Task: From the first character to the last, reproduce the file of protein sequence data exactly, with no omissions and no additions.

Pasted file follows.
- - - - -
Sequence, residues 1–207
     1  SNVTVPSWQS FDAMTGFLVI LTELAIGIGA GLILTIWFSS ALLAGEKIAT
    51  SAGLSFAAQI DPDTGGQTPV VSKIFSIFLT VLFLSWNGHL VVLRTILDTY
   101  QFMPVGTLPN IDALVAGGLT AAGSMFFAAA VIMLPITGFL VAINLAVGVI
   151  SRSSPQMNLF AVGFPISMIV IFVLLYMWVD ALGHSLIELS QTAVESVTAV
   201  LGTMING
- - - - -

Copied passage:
Sequence, residues 1–207
     1  SNVTVPSWQS FDAMTGFLVI LTELAIGIGA GLILTIWFSS ALLAGEKIAT
    51  SAGLSFAAQI DPDTGGQTPV VSKIFSIFLT VLFLSWNGHL VVLRTILDTY
   101  QFMPVGTLPN IDALVAGGLT AAGSMFFAAA VIMLPITGFL VAINLAVGVI
   151  SRSSPQMNLF AVGFPISMIV IFVLLYMWVD ALGHSLIELS QTAVESVTAV
   201  LGTMING